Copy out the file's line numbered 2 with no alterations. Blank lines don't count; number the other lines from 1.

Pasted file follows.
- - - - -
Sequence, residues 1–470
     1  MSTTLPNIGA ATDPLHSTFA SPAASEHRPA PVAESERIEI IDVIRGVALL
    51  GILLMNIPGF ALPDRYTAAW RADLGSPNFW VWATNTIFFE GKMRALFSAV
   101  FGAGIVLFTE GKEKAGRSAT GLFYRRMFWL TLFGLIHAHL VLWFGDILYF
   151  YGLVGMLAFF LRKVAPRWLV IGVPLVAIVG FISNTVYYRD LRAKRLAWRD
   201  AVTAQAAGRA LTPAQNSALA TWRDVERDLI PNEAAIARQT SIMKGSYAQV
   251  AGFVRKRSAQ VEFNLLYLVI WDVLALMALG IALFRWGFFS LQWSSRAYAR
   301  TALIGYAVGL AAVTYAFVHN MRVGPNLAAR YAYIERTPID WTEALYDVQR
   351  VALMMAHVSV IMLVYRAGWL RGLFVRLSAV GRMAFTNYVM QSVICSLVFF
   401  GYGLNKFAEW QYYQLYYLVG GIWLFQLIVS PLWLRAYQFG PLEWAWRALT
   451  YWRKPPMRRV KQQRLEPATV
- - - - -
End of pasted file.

     1  MSTTLPNIGA ATDPLHSTFA SPAASEHRPA PVAESERIEI IDVIRGVALL